Learning from Tim Berners-Lee on the occasion of receiving the Turing Award2017-04-04 - 14 minutes read
By Daniel Weitzner
On the happy occasion of Professor Sir Tim Berners-Lee’s receiving the Turing Award, I’ve reflected on some of the most important lessons I’ve learned from Tim over the years. Three stand out: simplicity, leadership, and faith in humanity.
Simplicity: The Web has grown into an extraordinarily complex, global technical, economic, political and cultural colossus that has changed almost every aspect of life on the planet. It didn’t start that way. At the beginning, Tim’s design for the Web it is really quite simple, both in the underlying technology and what it took for anyone to put up a website. Early Web sites were mostly text, images were sparse, perhaps a small sound file, and hardly any video in sight at all for the first few years. Yet the web grew extraordinarily quickly, because it was easy for any person to add a web page, to link to other pages, and easier still for users to browse around the web. While the web started small, Tim had in mind from the beginning a design that could grow to be, in fact, ‘world wide’. The simple structure of HTML meant that anyone with basic computer skills could write their own web page. And because web server technology was based on the simple protocol HTTP, it was easy to launch a new web site on your own server on someone else’s. Add to this the fact that Tim made it so that everyone used one naming/addressing convention for web pages (the URL), meant that everyone who put up a web page was instantly part of a global dialogue.
Tim’s passion for simplicity led him to pare down the then-current designs for hypertext system (information systems in which different pieces of documents or data are linked together) into something that was much simpler than was being built by leading computer companies (Apple’s hypertext) and academics. In fact, Tim’s design was so simple that a paper he wrote describing the early design of the Web was rejected from the leading academic conference on hypertext systems (h/t Wendy Hall).
Tim brought to the design of the Web the insight that simplicity scales. If you want to build something global, it better be possible for lots of people to build individual pieces of it. This is a lesson that I believe he learned from the designers of the Internet. But Tim came to it long before Zuckerberg, Bezos, etc.
Leadership: The Web grew not only because of its elegant design, but also because Tim created and still leads a small but global organization, the World Wide Web Consortium (W3C), that develops the technical standards for the Web. Tim created W3C and shaped his unique role as Director with the help of other leaders including (to name only a very few) Michael Dertozous, Jean-François Abramatic, George Metakides, Nobuo Saito, Albert Vezza, and many many others, including the great team that works there. As Director, Tim has the somewhat obvious leadership role of assuring the W3C technical standards remain consistent with the basic architecture of the Web. Tim’s vital leadership though is actually more about the community ethos and process of the W3C. Just as he has fought to maintain the architecture of the Web against various threats, he has also built a global community of technical leaders and designers who are empowered to evolve Web technology driven by the needs and creativity of those who are actually building the Web all around the world. Tim has not only been a leader, but he has empowered generations of technical leaders who have themselves led the expansion of the Web into areas such as video, complex graphics, accommodation to make the Web work well on mobile devices, and expansion of the Web to include all of the languages of the world, not just those written in Latin characters running from left to right across the screen. Tim’s leadership has been about not just preserving his only brilliant idea, but inviting others into the process of developing it together with him.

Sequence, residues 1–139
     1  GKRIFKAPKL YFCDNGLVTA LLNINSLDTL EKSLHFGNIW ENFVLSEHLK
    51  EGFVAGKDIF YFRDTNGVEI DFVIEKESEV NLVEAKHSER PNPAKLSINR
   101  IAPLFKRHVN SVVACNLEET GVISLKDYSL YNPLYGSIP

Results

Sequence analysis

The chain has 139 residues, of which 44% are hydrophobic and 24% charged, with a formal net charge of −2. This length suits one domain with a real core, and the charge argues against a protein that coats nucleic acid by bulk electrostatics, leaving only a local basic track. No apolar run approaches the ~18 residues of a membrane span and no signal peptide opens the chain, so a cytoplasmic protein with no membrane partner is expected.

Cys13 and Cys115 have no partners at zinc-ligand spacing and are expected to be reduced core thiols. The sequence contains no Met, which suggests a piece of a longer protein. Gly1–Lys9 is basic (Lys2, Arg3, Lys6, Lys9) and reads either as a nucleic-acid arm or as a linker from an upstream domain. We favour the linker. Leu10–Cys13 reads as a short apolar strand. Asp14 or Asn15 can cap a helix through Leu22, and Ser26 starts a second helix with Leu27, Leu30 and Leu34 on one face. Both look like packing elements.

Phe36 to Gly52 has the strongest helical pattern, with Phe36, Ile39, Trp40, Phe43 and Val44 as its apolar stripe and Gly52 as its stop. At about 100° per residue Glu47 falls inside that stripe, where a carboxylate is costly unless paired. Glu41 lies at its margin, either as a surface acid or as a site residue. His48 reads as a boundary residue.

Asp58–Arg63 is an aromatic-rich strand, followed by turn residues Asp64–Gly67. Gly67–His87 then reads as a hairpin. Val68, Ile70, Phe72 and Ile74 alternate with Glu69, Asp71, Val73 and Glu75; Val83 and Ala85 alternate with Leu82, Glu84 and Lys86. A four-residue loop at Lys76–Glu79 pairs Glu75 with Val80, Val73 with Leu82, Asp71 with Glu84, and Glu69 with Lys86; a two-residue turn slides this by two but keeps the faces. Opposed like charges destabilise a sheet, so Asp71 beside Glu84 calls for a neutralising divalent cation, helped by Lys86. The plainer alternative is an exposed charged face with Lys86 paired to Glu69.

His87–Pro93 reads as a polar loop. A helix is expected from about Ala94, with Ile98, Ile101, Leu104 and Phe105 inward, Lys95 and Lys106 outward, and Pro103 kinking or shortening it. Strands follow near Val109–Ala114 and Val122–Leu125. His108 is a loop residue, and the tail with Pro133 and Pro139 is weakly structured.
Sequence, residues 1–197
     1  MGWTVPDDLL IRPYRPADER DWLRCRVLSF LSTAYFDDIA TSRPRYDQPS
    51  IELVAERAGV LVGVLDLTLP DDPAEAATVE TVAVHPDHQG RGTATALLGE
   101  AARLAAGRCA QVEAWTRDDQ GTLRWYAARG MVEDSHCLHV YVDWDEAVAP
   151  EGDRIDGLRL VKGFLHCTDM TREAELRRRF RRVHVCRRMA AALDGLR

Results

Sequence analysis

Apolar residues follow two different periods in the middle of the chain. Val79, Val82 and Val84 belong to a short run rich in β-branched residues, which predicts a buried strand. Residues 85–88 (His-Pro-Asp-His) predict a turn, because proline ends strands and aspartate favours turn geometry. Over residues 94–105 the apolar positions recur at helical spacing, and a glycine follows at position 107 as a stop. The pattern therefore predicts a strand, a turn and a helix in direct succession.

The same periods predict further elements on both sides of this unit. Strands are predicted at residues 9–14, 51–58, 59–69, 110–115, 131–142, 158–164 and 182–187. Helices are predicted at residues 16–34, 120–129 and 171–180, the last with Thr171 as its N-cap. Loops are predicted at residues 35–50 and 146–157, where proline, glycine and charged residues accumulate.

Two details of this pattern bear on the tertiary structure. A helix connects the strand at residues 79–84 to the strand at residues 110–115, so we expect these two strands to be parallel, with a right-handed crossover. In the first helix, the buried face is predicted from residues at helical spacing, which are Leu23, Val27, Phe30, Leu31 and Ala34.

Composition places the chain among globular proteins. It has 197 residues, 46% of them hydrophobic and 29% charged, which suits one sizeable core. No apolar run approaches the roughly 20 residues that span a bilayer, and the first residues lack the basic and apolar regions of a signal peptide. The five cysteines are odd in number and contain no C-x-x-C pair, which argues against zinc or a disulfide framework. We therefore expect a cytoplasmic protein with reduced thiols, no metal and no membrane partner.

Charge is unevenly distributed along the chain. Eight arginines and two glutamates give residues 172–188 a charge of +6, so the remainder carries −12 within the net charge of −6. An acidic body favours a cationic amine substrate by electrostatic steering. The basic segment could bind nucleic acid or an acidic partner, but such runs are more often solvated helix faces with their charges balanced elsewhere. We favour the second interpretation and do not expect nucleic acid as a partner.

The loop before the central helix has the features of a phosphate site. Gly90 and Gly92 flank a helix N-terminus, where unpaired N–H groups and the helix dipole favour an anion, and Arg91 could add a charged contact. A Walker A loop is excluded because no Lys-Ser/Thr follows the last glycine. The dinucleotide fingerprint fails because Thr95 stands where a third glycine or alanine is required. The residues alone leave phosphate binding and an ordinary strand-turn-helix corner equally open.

Through Tim I have learned that wise leadership of a community of people sometimes entails accepting results that go contrary to your own personal views. Early in the development of the Web, Tim turned his attention to the question of how to represent data, as opposed to documents, on the Web. By the late 1990s, the Web was reasonably good at sharing and linking documents, enabling people to discover and remix text and images from around the world. But structured data inside spreadsheets or databases was opaque to the Web. You could share a link to a whole spreadsheet, but not a specific column of data or formula inside the sheet. This severely limited the ability to discover information that was hidden across a number of spreadsheets or databases, and Tim wanted the Web to tackle that problem. Together with a small group of computer scientists lead by Jim Hendler, Tim hatched the idea of the Semantic Web, based on a technology called RDF. At the same time, a large group of web developers were working on a different approach to this problem using a technology called XML. There was large community support behind XML but RDF and the Semantic Web had yet to prove itself. It was probably within Tim’s power as Director W3C to advance his favored design over the wishes the community, but he refused to do this. Instead, he allowed the process to develop, recognizing the community support for XML even though he thought it was not the best direction for the Web. While RDF has not yet completely swept the Web, it has been an important part of opening up government data to use on the Web, through efforts such as the Open Data Institute, founded by Tim and Nigel Shadbolt.